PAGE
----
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  5. This project investigates the potential of the Collective Argumentation Learning and Coding (CALC) concept for integrating the teaching of computer coding and other computer science content into the standard practices already used to teach different elementary (grades 3-5) curriculum content. Elementary school teachers significantly influence student motivation to engage in coding and are being asked to provide increased instruction on coding. Unfortunately, few practicing teachers have academic backgrounds in computer coding. This project aims to identify the knowledge needed to transform the CALC concept into a learning practice in which young, novice programmers use the argumentation framework to develop coding sequences. Why? Suppose computer coding is an integral part of teaching mathematics and science subject areas. In that case, the concerns that coding is a distraction to core subjects might decline, and administrative support for teaching coding might increase. We believe this work should be done at the elementary school level, better preparing more students and underrepresented groups for STEM subjects taught in the upper grades 
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  6. Brown, Ryan ; Antink-Meyer, Allison (Ed.)
    Current education reforms call for engaging students in learning science, technology, engineering, and mathematics (STEM) in an integrative way. This critical case study of one fourth grade teacher investigated the use of educational robots (ER) not only for teaching coding, but as an instructional support in teaching mathematical concepts. To support teachers in teaching coding in an integrative and logical manner, our team developed the Collective Argumentation Learning and Coding (CALC) approach. The CALC approach consists of three elements: choice of task, coding content, and teacher support for argumentation. After a cohort of elementary teachers completed a professional development course, we followed them into their classrooms to support and document implementation of the CALC approach. Data for this case consisted of video recordings of two lessons, a Pre-interview, and Post-interview after each lesson. Research questions included: How does an elementary teacher use the CALC approach (integrative STEM approach) to teach mathematics concepts with ER? What are the teacher’s perspectives towards teaching mathematics with ER using an integrative STEM approach? Results from this critical case provide evidence that teachers can successfully integrate ER into the mathematics curriculum without losing coherence of mathematics topics and while remaining sensitive to students’ needs.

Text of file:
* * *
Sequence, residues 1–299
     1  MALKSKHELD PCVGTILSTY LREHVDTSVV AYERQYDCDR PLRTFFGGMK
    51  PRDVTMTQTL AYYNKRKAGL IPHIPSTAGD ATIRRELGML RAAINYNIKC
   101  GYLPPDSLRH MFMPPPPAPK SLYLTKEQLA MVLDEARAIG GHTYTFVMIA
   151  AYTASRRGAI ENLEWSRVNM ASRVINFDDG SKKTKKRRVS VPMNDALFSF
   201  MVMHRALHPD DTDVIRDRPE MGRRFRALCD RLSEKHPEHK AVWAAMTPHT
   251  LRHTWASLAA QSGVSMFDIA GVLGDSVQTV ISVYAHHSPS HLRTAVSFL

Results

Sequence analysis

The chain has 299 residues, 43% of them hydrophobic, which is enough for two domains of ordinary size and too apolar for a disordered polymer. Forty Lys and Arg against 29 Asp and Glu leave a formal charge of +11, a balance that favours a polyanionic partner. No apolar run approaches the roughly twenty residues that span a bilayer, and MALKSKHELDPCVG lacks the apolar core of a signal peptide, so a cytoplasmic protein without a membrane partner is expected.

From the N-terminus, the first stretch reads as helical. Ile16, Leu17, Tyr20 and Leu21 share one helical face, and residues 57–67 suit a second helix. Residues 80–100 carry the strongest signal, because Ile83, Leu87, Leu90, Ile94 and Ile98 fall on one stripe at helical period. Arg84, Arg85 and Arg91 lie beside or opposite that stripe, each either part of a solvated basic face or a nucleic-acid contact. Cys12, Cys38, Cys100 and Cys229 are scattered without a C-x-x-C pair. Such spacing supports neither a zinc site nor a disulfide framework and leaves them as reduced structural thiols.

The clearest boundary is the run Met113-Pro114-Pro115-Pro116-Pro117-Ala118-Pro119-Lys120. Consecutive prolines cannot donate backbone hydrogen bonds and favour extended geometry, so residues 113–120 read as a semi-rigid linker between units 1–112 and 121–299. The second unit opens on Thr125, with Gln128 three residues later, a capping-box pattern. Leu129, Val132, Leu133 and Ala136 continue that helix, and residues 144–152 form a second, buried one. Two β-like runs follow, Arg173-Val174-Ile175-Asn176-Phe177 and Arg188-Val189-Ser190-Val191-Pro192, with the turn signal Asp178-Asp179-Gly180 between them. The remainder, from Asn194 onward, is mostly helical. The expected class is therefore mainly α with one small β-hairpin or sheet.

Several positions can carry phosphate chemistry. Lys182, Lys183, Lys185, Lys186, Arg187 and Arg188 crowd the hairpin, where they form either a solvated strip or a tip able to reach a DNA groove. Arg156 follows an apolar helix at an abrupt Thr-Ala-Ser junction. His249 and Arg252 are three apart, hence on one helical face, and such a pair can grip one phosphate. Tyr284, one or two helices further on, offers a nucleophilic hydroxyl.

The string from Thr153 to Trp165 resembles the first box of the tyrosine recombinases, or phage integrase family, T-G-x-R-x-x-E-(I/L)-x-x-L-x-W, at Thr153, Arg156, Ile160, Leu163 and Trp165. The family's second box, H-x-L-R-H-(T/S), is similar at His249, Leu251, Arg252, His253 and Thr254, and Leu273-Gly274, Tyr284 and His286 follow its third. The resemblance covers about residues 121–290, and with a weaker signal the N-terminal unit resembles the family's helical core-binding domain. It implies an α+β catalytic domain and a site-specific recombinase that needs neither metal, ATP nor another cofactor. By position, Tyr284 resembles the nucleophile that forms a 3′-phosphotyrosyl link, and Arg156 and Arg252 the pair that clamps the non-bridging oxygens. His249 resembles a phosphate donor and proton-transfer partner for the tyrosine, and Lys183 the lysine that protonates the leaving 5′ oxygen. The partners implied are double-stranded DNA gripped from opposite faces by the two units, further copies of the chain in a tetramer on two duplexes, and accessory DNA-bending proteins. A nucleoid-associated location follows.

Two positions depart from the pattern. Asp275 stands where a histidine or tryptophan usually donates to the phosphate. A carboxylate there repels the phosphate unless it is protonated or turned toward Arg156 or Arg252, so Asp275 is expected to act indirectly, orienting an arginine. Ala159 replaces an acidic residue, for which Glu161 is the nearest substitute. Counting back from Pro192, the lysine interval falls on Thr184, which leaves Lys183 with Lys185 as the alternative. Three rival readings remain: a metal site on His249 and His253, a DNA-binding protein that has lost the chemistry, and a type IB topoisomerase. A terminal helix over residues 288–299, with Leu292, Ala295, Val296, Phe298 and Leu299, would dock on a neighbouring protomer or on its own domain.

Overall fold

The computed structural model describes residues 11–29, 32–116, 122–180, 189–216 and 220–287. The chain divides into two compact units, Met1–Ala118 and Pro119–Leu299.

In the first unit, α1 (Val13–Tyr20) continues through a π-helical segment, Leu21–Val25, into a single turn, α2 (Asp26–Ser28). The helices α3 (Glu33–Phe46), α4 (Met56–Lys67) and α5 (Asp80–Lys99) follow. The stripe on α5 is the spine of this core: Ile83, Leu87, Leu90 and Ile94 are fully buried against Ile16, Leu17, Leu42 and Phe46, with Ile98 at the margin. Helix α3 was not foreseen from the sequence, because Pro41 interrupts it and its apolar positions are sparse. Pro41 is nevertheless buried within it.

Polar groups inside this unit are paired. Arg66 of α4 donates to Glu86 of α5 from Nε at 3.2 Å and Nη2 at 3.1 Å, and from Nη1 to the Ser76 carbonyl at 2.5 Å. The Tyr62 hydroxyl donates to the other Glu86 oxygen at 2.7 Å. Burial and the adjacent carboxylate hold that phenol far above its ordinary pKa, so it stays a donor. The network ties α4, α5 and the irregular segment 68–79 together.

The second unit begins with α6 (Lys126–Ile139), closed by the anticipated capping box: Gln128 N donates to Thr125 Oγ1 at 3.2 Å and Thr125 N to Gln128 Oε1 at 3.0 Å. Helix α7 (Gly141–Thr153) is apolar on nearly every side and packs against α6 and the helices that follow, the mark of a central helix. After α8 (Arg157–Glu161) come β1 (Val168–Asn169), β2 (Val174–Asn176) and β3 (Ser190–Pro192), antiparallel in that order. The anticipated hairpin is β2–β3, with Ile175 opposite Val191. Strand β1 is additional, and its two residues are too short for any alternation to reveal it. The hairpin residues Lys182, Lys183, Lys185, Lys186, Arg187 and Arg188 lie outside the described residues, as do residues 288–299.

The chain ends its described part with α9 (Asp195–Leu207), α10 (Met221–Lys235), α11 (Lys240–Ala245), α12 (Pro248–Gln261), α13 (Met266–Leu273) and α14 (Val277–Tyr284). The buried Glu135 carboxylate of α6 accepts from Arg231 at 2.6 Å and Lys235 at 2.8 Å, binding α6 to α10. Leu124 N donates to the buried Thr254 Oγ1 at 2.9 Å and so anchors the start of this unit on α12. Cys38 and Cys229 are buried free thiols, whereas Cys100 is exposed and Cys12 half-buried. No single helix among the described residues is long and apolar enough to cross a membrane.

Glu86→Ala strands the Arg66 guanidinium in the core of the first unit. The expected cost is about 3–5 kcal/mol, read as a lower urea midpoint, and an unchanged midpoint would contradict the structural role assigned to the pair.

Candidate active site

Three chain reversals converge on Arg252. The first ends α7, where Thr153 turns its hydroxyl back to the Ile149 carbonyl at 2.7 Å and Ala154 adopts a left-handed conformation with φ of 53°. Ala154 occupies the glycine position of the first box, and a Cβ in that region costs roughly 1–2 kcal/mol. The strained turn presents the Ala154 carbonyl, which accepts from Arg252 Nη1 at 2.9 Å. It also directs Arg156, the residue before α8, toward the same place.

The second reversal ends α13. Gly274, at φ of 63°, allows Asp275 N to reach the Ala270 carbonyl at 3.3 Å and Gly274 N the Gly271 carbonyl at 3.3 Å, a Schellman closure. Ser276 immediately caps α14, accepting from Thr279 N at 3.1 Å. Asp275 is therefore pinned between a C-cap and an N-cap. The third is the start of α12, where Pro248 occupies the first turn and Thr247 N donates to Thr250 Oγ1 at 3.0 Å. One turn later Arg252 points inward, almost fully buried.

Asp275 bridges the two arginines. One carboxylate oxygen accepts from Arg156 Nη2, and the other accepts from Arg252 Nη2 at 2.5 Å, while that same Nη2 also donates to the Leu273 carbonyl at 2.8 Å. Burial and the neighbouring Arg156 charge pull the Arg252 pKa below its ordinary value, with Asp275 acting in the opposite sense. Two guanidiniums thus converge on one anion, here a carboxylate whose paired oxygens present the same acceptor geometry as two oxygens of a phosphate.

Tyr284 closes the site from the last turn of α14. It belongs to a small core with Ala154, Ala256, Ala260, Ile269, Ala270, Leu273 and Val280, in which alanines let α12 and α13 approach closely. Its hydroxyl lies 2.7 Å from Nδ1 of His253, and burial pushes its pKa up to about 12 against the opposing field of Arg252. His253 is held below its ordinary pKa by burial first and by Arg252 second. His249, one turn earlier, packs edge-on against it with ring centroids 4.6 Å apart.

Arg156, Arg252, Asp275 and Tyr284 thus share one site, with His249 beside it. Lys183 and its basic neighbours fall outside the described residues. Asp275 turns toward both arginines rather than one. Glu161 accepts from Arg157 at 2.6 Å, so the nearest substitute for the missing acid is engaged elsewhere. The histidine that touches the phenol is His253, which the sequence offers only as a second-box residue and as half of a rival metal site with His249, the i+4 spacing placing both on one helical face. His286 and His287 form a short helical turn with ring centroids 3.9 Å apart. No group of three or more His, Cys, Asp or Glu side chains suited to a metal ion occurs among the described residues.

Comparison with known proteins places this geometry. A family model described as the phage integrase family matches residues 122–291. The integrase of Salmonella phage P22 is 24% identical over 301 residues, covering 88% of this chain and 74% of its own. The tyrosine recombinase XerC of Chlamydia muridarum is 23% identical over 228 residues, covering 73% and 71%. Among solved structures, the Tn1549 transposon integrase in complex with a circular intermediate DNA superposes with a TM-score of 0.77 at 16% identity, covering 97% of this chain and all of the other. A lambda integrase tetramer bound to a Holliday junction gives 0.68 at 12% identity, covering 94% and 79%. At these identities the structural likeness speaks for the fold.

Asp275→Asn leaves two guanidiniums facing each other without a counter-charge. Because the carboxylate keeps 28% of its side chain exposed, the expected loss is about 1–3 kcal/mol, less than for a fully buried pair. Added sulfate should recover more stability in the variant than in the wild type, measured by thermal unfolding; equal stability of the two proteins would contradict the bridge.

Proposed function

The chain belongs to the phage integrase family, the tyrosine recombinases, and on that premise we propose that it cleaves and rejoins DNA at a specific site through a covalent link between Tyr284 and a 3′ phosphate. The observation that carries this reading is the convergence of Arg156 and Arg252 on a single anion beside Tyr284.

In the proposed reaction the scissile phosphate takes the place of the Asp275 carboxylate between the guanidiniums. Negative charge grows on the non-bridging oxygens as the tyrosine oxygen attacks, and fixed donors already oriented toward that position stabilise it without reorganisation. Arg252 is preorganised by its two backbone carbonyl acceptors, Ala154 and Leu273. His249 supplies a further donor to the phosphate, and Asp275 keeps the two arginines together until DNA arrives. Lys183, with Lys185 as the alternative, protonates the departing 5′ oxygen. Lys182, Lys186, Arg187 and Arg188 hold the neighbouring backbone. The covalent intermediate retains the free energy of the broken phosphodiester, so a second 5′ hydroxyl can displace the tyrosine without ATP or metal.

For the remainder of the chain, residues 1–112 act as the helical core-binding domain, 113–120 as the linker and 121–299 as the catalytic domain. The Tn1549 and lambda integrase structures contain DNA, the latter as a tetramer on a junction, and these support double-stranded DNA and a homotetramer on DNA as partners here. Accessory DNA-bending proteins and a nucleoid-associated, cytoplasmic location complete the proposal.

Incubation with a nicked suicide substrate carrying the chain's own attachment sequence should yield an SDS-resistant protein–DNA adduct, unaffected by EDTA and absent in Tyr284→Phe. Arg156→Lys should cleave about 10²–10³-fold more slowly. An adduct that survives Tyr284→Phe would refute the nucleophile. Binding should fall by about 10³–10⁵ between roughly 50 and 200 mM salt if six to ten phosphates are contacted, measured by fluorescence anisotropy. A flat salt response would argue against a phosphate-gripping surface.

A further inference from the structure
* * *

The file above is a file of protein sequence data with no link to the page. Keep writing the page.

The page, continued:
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  7. Olanoff, D. ; Johnson, K. ; Spitzer, S. M. (Ed.)
    Argumentation is widely used in teaching mathematics, but little research has been done on argumentation in teaching integrated mathematics and coding. As part of a larger study investigating collective argumentation in teaching mathematics, science, and coding, we classified the warrants given by elementary-age students who were engaged in argumentation in mathematics and coding. Three ma}or categories - calculation, visual, and unformalized knowledge - accounted for the majority of warrants given. Further analysis revealed differences in types of warrants when the primary focus of the argument was coding versus when the primary focus of the argument was mathematics. Our results suggest that expecting students to provide reasons for modifying their code, similar to what is expected in mathematics arguments, helps move them away from a trial-and-error to a more structured approach to coding. 
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  8. Sacristan, AI ; Cortes-Zavala, JC ; Ruiz-Arias, PM (Ed.)
    Teachers in the elementary grades often teach all subjects and are expected to have appropriate content knowledge of a wide range of disciplines. Current recommendations suggest teachers should integrate multiple disciplines into the same lesson, for instance, when teaching integrated STEM lessons. Although there are many similarities between STEM fields, there are also epistemological differences to be understood by students and teachers (see, e.g., Conner & Kittleson, 2009). How to teach STEM lessons without ignoring the unique characteristics, depth, and rigor of each discipline is an open question (Kertil & Gurel, 2016). This study investigated teachers’ beliefs about teaching mathematics and science using argumentation and the epistemological and contextual factors that may have influenced these beliefs. 
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  9. n this paper we described the process of four in-service elementary school teachers learning coding in a blended professional learning course developed and delivered through a federally funded research practice partnership project. We focused on the collective nature of learning and use activity theory (Engeström, 1999) to analyze connections among mediations, contradictions, and meaningful practices that were occurring for teachers in the course over time. The results showed that professional learning programs to support elementary teachers’ implementation of robotics and coding teaching and learning can systematically foster teachers’ collaboration in learning coding/robotics and developing lesson activities incorporating coding and robotics in meaningful ways in the day to day curriculum and teaching in their elementary classrooms. 
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  10. null (Ed.)
    A collaborative team of STEM educators engaged teachers in sharing videos of their instruction focused on using argumentation and coding across disciplines. Attendees will extend their understandings of argumentation and consider how teacher-selected videos provide insight into teachers’ thinking